Association for Maximum Service Television President David Donovan told the Senate Commerce Committee that legislation to clear broadcast spectrum for public safety use would create significant disruption to television service, the public and the planned transition of broadcasters from analog to digital transmission.
Speaking before the committee Sept. 8, Donovan said that broadcasters share the goal of clearing the upper 700MHz band for public safety use, but legislation such as the Homeland Emergency Response Operations (HERO) Act (H.R. 1425) would undermine the DTV migration plan and deprive viewers of service.
The HERO Act amends the Communications Act of 1934 to prohibit the FCC from granting extensions beyond Dec. 31, 2006, for reassigning bandwidth for public safety use and directs the commission to assign spectrum between 764MHz and 776MHz, and between 794MHz and 806MHz for public safety use. Further, it directs the commission to permit public safety use of those bands no later than Jan. 1, 2007. Two of the associationâ€™s main objections to the legislation are the disruption of the FCCâ€™s channel election and re-packing plan and the likelihood of destructive interference.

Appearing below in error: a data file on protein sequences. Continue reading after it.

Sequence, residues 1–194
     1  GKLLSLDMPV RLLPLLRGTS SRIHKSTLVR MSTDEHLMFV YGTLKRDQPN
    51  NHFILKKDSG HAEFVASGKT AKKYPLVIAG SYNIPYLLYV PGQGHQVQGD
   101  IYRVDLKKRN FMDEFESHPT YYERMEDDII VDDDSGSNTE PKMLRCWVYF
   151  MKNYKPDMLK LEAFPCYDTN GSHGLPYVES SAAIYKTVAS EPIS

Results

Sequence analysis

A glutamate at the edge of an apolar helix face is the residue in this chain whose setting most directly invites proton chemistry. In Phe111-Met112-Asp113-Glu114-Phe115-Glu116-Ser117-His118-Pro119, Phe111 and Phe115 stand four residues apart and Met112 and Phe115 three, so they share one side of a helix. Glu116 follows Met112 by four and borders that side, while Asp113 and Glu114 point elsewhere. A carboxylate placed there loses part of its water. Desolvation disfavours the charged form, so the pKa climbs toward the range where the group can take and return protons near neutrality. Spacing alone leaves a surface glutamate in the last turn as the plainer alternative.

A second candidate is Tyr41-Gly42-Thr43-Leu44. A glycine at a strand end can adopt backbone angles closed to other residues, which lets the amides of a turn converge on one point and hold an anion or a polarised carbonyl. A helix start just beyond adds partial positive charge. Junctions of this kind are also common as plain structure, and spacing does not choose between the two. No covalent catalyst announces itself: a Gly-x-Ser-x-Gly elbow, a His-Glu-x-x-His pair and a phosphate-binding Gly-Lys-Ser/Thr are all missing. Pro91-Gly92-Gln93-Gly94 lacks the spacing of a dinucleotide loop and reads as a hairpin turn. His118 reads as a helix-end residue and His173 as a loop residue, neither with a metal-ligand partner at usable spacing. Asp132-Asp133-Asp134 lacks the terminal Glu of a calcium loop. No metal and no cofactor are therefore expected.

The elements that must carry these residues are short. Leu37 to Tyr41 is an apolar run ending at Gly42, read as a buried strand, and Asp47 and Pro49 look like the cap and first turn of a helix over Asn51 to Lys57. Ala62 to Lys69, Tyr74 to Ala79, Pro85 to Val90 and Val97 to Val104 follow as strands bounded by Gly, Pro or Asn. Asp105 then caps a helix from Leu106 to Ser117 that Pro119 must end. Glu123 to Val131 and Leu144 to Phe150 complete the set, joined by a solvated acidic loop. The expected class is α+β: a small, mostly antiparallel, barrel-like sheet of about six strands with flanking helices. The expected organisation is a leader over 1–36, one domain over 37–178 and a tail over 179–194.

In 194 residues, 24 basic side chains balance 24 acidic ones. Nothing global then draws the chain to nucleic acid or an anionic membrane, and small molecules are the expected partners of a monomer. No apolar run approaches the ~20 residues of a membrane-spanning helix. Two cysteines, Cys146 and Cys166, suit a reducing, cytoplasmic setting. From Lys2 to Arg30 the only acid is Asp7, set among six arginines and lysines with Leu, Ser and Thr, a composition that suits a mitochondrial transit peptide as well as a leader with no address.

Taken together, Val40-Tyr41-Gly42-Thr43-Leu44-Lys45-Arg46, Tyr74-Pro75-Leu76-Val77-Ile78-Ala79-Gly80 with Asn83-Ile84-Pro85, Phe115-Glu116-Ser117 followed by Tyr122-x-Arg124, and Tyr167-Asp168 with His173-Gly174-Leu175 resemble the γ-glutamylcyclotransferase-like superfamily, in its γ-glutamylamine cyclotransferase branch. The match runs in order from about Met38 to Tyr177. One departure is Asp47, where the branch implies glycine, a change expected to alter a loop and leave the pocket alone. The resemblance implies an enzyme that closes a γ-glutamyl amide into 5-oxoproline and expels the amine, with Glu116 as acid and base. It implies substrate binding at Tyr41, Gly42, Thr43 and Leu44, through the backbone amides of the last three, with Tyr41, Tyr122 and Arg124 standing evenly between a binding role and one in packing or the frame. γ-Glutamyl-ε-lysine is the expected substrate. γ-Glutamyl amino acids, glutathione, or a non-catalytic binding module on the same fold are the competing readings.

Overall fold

According to Donovan, stations should have an orderly process that permits them to avoid interference and their DTV channel.
But legislation like the HERO Act will disrupt that process, requiring hasty channel clearing of the four broadcast channels designated for public safety use and the adjacent channels 62, 65 and 67.
Doing so would require 65 analog television stations and 10 digital stations to relocate, forcing some to their in-core channel (2 through 51) or onto a new third channel before the commissionâ€™s channel election process is complete.
Destructive interference is a serious ramification of this approach. Hastily relocating these stations to in-core band assignments would create interference, not just for the relocated stations, but also for stations on adjacent channels.
Donovan told the committee that it might be possible to investigate market-specific solutions to provide public safety responders with access to spectrum. Finding the full 24MHz of spectrum would be difficult, but such an exploration would make some spectrum available in specific markets.
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